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    Highlights of the ICANNWatch Archive
    (June 1999 - March 2001)

    This discussion has been archived. No new comments can be posted.
    Same Old Shell Game All Over Again | Log in/Create an Account | Top | 12 comments | Search Discussion
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    comment period
    by lextext on Wednesday March 26 2003, @05:05AM (#11377)
    User #6 Info | http://www.lextext.com
    The usually well-informed ICANN Blog says, "The discussion starts tomorrow at the public forum and should extend for a few weeks after."

    I expressed concern over the apparent short time between publication of the paper and the public forum and was assured that the public forum is only the start of the conversation. Comments will be taken for a few more weeks. I understand this will be clarified on the ICANN site in the coming days.

    -- Bret

    [ Reply to This | Parent ]
      No notice
      by KarlAuerbach on Wednesday March 26 2003, @05:56AM (#11379)
      User #3243 Info | http://www.cavebear.com/
      Your note caused me to look at my the e-mail that I have received on icann's board[*]'s mailing list.

      There is *NO* notice that this paper exists or that it was posted.

      The full board meeting starts in less than 19 hours. Yet I have not seen anything more than a cursory agenda - with no detail, no proposed resolutions, no nothing.

      Once again, ICANN's staff does not properly subordinate itself to its board or directors.
      And the board, rather than objecting, sits silently and lets itself be abused and thus condemms itself to being nothing more than a rubber stamp, and failing in its job of serving the public interest.

      As for the proposed new TLD evaluations - during the last round, ICANN spent over $300,000 on an outside review firm. And as far as I can tell that firm merely sat in on meetings and gave oral comments. That's a lot of money for unverifiable hot air. And we saw the awful job that was done by Gartner in .org. (And in at least one other case ICANN paid a large sum for a study by a high-priced law firm, a study that the public has not seen. That study team was knowingly or recklessly fed false information by ICANN staff in a way that I believe was designed to induce a predetermined desired outcome.)

      ICANN likes expensive studies. They make pretty bullets on presentations. But as far as useful value? So far the only competency that ICANN has shown is the ability to pay large sums for very little result.

      [*] ICANN's board's mailing list has an unknown number of non-board members, including Joe Sims, who routinely participate in board e-mail discussions as if they were principals rather than hired servants.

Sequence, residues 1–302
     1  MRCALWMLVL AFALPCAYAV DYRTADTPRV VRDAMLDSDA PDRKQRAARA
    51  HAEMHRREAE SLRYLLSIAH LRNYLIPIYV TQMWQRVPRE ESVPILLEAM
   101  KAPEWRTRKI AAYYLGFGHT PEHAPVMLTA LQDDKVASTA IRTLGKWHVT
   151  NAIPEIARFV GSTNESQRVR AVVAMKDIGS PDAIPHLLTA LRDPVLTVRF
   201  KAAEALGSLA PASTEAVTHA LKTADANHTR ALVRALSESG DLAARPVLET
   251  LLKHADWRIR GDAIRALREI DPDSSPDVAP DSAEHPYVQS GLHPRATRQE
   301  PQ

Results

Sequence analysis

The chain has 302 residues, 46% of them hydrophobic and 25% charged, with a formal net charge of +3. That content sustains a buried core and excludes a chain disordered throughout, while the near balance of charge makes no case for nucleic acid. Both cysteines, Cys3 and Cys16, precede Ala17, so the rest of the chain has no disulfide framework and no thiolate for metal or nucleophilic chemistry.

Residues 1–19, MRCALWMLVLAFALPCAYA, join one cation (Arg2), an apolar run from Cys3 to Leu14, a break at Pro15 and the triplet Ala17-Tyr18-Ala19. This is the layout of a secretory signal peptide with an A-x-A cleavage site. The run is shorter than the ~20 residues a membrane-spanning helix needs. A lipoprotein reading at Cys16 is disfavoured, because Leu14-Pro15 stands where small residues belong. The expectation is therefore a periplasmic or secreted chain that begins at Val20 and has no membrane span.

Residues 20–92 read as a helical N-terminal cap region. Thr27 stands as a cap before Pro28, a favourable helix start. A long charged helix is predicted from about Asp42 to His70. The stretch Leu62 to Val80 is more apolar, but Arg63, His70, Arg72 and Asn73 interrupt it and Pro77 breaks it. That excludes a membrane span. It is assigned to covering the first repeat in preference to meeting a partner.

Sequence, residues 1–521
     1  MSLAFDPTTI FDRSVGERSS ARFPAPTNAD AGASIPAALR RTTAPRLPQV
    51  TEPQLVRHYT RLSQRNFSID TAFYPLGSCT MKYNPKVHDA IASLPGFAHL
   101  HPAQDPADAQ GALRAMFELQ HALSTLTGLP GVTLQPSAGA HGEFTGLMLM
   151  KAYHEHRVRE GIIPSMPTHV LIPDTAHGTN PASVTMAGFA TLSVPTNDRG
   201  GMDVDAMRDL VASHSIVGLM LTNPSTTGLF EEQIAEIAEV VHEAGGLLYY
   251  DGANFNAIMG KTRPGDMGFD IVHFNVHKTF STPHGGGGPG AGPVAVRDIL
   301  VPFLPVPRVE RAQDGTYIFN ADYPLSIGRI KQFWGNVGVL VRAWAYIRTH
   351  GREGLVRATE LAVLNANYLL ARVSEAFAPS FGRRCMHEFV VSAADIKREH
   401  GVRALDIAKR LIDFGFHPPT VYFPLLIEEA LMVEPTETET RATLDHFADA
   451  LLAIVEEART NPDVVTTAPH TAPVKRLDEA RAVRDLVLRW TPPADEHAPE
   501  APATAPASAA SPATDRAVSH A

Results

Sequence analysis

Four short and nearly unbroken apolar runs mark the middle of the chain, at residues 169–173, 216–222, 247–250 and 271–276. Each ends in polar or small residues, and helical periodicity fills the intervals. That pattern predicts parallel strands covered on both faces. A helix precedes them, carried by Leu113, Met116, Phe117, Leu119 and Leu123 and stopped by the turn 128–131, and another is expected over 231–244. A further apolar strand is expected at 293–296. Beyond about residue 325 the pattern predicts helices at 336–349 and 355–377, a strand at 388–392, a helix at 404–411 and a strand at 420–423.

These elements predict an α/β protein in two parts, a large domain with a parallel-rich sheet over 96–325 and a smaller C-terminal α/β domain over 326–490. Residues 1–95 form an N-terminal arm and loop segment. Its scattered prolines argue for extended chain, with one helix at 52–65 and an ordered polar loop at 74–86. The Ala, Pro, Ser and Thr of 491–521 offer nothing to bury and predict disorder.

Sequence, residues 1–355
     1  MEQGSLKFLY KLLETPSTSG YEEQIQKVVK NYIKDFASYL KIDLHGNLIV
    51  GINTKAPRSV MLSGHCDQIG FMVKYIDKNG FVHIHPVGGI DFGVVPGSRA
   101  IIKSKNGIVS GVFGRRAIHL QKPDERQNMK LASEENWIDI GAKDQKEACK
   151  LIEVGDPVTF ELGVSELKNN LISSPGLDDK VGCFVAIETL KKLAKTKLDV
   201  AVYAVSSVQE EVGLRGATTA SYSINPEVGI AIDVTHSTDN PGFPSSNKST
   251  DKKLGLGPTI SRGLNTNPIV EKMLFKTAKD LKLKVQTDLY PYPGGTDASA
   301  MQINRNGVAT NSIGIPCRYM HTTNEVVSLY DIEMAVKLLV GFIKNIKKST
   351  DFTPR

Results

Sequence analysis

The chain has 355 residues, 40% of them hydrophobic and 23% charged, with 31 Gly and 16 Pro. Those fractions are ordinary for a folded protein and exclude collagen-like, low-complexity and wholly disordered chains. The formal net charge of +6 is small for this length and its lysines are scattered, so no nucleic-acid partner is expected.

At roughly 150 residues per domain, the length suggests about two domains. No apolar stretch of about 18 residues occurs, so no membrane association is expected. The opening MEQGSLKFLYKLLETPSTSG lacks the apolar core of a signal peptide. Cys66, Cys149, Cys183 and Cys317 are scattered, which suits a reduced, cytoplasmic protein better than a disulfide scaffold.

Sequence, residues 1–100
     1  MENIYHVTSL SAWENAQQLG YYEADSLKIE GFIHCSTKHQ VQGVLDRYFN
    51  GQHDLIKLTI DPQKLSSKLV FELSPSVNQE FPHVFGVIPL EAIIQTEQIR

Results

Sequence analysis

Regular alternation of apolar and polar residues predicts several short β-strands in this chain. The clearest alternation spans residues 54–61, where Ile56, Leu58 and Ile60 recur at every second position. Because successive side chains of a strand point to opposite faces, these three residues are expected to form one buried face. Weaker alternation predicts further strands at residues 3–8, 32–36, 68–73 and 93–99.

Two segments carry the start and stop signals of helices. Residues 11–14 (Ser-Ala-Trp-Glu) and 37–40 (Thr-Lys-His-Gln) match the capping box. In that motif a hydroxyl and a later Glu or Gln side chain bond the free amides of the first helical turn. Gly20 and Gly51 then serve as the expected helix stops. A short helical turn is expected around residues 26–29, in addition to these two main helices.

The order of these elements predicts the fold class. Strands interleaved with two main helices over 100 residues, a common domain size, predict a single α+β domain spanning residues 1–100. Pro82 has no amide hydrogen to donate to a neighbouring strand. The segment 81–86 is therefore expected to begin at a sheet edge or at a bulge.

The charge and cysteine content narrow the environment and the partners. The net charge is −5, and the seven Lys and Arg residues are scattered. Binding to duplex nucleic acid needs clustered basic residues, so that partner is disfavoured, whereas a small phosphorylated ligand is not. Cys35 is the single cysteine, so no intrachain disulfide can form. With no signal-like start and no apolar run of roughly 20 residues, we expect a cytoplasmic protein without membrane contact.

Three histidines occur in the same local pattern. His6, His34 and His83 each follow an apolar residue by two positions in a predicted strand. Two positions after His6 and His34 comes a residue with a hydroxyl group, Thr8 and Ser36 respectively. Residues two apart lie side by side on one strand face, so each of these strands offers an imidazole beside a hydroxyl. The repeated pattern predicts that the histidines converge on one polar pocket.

[ Reply to This | Parent ]
    Wishful thinking?
    by KonstantinosKomaitis on Wednesday March 26 2003, @05:28AM (#11378)
    User #3552 Info | http://www.icannwatch.org/
    It looks as if ICANN is trying to achieve something and prove that there is always room for change. The evaluation team that will be created seems as a good beginning and a process that may result to more transparency. No way though, ICANN's dictionary doesn't know what transparence stands for. "The Board would not intrude in the evaluation process itself; its options would be to accept or to reject the results of the evaluation." So if the Board is in the position to reject the results of the evaluation, why should there be an evaluation in the first place?If the evaluation is to be rejected, its outcomes will never be known and will never be posted on ICANN's site. And why should they? The last thing that ICANN wants is another polemic to its functions and to the way they operate the DNS.
    However and to make another point, what is really strange in my opinion is why in every meeting of ICANN - and there are a lot - nothing is discussed about the UDRP? Do they think that the system works? Well, if they do they are obviously blind; but most probably it is not that they are unaware of the whole situation, it is just that they don't want to dissapoint those for whose the system was created, trademark holders.
    [ Reply to This | Parent ]
      Re:Wishful thinking?
      by KarlAuerbach on Wednesday March 26 2003, @07:57AM (#11380)
      User #3243 Info | http://www.cavebear.com/
      Under applicable law the Board of Directors, as a collective body, has ultimate control over ICANN's acts.

      Under applicable law, ICANN's Board of Directors is free to override any recommendation, any evaluation. In fact, Directors are obligated to exercise their independent judgement and not simply be mindless marionettes.

      ICANN's Board, through its history of continued rejections of Requests for Reconsideration, its history of ignoring recommendations from the DNSO, and its interpretation of its own bylaws, has made it clear that the Board will not be bound even by its own by-laws.

      I saw the report of the IP Address RIRs - I hope they recognize that if one admits that ICANN has a role in IP address allocations via any of its agreements with the US gov't that ICANN's board has the ultimate authority to allocate and revoke IP addresses no matter what the RIRs might think.

      ICANN's history is one of arbitrary and capricious behaviour, unguided and unlimited by principles or rules.

      Is ICANN likely to change its spots? Is the moon made of green cheese? Do pigs fly?
      [ Reply to This | Parent ]
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